Who creates proper techniques in sports, and what makes it “right?”


I’ve played quite a few sports growing up, and am recently trying to learn golf. There’s quite a bit of technique involved in a golf swing and then I got thinking “how do we know this is the right/most efficient way to swing?”. Same thing for a hockey slapshot, diving, etc. Who comes up with the “proper” technique and why is it standardized? Does it come the best performers, and then everyone mimics (like the famous high jump technique)?

In: 10

> how do we know this is the right/most efficient way to swing

We don’t. What we do know is that this current technique has certain positives and negatives. If you are a strong players, maybe this technique better suits you. If you have longer arms, maybe another technique is better. It’s trial and error.

Granted, there are some techniques that do seem to be ideal. The Fosbury flop is a good example of a technique that has been widely accepted as the optimal one (as far as I know). The answer as to why is entirely dependent on the sport, but again comes down to trial and error. If 100 high-jumpers scissor kick jump, and 100 high-jumpers of similar characteristics Fosbury flop, the best technique is the one where there are better results. Is it the best? We don’t know, but it appears to be the *better* one.

A shit ton of science goes into technique and efficiency. Top athletes are measured, filmed, and poked and prodded to see if they’re efficient in their technique and if there are ways to improve performance.

Trial and error over generations.

In 1960 the NFL field goal kickers had a success rate of 50% Back then almost every kicker was kicking straight toed. By 1990 every NFL team had a soccer style kicker. The average success range was 75%. Now there are several reasons for success rates and average success range in field goal kicking, but most would agree the introduction of soccer style kicking was the biggest development in field goal kicking for accuracy.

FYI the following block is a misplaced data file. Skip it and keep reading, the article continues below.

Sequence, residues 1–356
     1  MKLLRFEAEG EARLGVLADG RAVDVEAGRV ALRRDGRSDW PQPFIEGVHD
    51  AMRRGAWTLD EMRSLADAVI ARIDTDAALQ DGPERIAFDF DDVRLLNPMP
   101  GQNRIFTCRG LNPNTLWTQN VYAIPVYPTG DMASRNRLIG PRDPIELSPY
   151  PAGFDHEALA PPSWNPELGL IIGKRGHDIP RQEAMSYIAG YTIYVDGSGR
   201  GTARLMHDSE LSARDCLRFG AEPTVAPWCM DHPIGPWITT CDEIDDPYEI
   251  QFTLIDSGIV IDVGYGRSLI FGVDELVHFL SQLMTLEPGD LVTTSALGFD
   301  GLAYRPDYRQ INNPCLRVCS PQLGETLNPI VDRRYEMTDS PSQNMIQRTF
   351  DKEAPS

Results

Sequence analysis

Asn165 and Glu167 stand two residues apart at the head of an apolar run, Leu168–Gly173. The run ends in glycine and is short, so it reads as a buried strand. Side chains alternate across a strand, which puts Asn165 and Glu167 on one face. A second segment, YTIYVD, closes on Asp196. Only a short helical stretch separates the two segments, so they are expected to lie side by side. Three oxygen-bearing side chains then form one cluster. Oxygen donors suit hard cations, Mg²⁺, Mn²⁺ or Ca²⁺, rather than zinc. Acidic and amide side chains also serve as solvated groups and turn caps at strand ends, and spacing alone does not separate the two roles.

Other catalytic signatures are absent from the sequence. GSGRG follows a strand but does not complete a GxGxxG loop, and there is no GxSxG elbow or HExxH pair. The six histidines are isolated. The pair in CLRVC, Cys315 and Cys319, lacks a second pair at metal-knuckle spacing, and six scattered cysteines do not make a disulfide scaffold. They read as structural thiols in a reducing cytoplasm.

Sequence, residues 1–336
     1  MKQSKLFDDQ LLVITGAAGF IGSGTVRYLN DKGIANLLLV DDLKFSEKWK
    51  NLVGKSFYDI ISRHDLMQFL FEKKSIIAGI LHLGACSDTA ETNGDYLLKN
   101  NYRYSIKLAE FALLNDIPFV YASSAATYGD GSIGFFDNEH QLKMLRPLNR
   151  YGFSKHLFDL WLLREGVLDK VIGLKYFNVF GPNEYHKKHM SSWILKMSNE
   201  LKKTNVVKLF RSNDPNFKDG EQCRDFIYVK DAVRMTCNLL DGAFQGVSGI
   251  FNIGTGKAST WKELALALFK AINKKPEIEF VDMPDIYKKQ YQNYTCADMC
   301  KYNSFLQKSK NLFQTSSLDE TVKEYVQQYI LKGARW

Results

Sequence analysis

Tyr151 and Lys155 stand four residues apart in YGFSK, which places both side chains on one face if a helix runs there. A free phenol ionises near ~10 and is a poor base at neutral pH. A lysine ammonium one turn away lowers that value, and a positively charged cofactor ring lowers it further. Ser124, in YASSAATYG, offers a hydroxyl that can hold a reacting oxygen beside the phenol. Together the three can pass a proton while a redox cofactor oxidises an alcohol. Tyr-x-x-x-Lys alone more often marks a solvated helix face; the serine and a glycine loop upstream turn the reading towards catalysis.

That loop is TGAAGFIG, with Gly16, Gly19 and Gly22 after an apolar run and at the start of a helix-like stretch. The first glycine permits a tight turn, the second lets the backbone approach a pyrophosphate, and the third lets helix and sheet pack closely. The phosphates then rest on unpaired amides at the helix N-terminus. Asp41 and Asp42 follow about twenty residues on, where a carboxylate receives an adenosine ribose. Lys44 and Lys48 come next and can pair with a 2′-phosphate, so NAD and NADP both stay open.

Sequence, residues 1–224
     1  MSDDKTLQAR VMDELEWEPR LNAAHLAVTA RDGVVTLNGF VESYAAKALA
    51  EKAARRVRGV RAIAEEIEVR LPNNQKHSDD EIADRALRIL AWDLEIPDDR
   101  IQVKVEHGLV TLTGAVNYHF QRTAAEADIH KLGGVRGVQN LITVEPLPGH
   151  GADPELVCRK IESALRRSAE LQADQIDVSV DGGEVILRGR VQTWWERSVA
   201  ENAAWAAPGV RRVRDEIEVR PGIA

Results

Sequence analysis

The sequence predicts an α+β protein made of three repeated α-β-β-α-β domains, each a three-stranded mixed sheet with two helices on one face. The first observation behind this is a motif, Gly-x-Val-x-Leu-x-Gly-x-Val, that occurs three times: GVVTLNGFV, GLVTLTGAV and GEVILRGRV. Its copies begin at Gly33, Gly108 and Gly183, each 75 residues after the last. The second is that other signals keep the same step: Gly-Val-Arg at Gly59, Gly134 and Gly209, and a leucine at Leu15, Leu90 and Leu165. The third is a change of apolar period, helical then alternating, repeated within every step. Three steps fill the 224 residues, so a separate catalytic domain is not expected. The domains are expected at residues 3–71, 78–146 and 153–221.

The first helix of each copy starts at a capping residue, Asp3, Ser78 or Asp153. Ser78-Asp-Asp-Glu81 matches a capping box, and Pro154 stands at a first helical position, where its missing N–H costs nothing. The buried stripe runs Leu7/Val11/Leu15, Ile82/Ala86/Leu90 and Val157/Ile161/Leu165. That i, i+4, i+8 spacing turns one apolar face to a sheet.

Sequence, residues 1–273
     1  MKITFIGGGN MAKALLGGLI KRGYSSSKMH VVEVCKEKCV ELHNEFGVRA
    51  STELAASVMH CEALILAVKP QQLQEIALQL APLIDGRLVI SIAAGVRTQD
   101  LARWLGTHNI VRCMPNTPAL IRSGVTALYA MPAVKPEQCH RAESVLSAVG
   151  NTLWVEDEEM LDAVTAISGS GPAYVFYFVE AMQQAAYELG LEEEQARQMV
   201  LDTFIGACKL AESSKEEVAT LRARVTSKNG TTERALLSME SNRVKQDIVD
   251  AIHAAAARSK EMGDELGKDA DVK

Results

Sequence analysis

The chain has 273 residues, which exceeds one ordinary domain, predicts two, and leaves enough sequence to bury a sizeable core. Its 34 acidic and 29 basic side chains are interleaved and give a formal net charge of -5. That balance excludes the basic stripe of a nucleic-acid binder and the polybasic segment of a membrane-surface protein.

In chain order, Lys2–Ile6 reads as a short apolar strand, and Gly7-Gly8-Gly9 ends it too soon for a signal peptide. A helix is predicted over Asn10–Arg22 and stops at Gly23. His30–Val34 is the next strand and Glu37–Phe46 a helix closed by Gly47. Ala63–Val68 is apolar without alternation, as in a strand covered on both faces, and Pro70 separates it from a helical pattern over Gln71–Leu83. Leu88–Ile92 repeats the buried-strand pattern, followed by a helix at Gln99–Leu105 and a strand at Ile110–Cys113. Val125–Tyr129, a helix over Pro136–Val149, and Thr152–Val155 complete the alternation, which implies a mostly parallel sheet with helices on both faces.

This goes for any sport. Hell, if tomorrow you coached volleyball and you thought of a brand new technique for a serve and it made your team’s serve way more successful, other teams would integrate it into their strategy. If enough teams do this then it just kind of becomes the way of doing things.

[Kinesiology](https://en.wikipedia.org/wiki/Kinesiology) is the study of movement, and these scientists have studied the techniques of successful athletes to identify what is it about their form which made them so effective.

So it’s not that someone just arbitrarily decided that a particular form is, a-priori, superior, rather, they looked at the outcome of competitions, and tried to identify what worked the best.

Then, after applying what they learn to models of human anatomy and muscular movement, they have gone on to try and help talented athletes improve their technique, to get even better results. But this isn’t always a succcess, and “bad form” isn’t bad if you’re consistent. Larry Bird had a very unconventional shot form, but he was a *sniper*.

[Archery coach](https://www.youtube.com/channel/UC4IL0laJkpzH9JHmxNqjjMg) here.

The basic principle is that the human body only works in specific ways. There are nuances and individual variations, but most of our physiology is fundamentally the same. Through practical experience, people have long understood and passed down the techniques that work best. In modern times, sports science has identified specific muscle groups and motions that are more efficient and effective.

In archery, for example, improper technique puts a lot of strain on the shoulders, leading to soft tissue injury. The misalignment of the arms (“chicken winging”) create a break in the “line”, which leads to lateral movement in the arrow when shot, so we teach archers to bring their elbows back behind their head. This then pushes the weight of the draw to the stronger back muscles rather than in the smaller muscles in the arms. All this combines to create a technique that is more consistent with less fatigue. When taught properly, new archers are surprised that effective form feels “easier”.

Technique isn’t set in stone, however. Advances in sports science and analysis of performance and injury will reveal shifts in training. Some sports are prone to specific injuries that people accept as part of the sport, but study of these cases may prompt coaches to think different about how they teach athletes.

Sometimes, yes, it does take someone to be innovative, or push the rules. The high jump “Fosbury flop” is an example of that, but it didn’t happen in isolation. It was only viable when the field was set up with a soft mattress, whereas previously the scissor jump was more popular because it made the jumper land on their feet. The flop method is universally understood to bring the body over the bar most naturally by following the arch of the back.

However again, this depends on the specific goal of the sport. Many “sub-optimal” methods are used on a practical basis because the sporting goal is so far removed from the original application. The Fosbury flop would be ridiculous outside of the high jump event, just as modern archery wouldn’t work well for a medieval longbow.